Drewry Maritime Research’s latest Tanker Forecaster report indicates that Suezmax owners got some respite in the first quarter of the year, but things are looking bleak in the longer term. Spot rates firmed on the back of buoyant demand in the Caribs, Arabian Gulf and West Africa, but rising bunker prices would have absorbed much of the increase. US demand for West African crude was the one to watch as it staged a recovery in March and underpinned Suezmax rates on the benchmark TD5 (West Africa / Caribs - US) route, with earnings surging 64% to $18,733pd.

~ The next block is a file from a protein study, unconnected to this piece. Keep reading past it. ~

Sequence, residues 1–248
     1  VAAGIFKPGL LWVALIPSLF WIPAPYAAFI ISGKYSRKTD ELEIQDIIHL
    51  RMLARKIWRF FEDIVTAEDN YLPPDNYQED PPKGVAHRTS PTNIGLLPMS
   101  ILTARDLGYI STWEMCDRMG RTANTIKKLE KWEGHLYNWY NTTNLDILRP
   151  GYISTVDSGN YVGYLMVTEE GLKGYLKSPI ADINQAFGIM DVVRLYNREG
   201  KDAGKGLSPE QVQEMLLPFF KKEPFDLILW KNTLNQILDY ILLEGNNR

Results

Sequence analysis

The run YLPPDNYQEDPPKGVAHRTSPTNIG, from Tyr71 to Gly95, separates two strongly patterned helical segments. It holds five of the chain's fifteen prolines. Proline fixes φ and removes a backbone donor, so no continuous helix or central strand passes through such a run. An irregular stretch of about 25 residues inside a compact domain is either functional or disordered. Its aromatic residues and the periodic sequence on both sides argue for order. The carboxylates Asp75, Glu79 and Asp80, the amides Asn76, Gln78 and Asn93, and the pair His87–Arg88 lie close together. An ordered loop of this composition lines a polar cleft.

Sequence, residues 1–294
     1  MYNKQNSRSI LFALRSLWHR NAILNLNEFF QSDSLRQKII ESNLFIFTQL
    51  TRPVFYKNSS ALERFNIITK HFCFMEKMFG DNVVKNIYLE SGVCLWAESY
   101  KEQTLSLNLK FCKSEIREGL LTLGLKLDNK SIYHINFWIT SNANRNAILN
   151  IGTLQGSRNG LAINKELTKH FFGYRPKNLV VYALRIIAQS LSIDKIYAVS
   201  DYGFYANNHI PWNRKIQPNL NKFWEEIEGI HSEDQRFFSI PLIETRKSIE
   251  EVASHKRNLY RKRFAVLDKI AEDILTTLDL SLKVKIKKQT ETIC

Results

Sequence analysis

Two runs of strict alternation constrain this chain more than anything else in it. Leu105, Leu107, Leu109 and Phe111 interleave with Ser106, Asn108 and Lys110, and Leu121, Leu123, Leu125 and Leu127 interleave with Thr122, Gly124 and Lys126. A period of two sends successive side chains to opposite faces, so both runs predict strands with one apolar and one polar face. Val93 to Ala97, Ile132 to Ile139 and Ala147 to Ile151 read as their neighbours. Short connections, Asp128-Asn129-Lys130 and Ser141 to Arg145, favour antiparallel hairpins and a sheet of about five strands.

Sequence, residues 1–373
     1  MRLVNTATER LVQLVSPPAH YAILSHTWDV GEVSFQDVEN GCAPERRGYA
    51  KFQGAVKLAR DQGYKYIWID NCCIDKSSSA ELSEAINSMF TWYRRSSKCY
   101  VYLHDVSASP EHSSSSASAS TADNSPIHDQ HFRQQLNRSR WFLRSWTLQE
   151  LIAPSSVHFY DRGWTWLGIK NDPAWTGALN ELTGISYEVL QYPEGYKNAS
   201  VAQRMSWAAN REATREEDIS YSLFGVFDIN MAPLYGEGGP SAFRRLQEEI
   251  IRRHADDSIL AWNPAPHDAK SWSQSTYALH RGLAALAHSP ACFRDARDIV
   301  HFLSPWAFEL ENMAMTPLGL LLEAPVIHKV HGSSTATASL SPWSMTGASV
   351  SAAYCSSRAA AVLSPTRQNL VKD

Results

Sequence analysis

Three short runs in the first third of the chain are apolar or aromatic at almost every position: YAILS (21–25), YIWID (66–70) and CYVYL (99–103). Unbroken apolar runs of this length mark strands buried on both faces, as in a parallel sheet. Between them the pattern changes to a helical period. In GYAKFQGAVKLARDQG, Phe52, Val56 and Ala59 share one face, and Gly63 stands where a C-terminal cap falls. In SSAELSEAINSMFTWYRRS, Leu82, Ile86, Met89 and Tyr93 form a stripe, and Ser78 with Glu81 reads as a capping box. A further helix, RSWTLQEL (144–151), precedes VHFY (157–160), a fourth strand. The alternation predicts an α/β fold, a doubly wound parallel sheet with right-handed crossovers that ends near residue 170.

But the recent market strength seems a mere aberration rather than a fundamental upward shift. Fundamentals are expected to remain bearish in the near term with the supply-demand gap broadening and a larger number of vessels chasing fewer cargoes.
That lack of confidence was visible in the time charter market, with only two Suezmax vessels fixed during the first quarter. The 12-month rate for five-year old vessels averaged $17,067pd, down about 2.5% from the previous quarter.
Demand is likely to suffer from seasonal weakness in the coming quarter, while the fleet will continue to expand. Drewry expects the Suezmax supply-demand gap to widen from 12.8 million dwt to 14.8 million dwt in the second quarter, while earnings on West Africa-Caribs/USES are expected to average $11,800pd.
With the fleet growing by 7% in 2012 and 2013, market conditions will only start to improve from 2013 onwards, mainly on expected improvement in demand with recovery in the global economy.